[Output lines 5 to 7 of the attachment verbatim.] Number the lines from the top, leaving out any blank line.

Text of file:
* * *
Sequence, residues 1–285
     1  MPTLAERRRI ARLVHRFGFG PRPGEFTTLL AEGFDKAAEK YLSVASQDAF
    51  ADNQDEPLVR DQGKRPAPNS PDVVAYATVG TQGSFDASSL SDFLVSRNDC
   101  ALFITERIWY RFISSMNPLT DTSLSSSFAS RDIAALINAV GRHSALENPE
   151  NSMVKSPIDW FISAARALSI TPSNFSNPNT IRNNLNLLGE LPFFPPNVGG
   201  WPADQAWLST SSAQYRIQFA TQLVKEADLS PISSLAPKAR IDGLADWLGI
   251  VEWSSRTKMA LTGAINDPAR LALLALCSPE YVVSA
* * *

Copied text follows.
   151  NSMVKSPIDW FISAARALSI TPSNFSNPNT IRNNLNLLGE LPFFPPNVGG
   201  WPADQAWLST SSAQYRIQFA TQLVKEADLS PISSLAPKAR IDGLADWLGI
   251  VEWSSRTKMA LTGAINDPAR LALLALCSPE YVVSA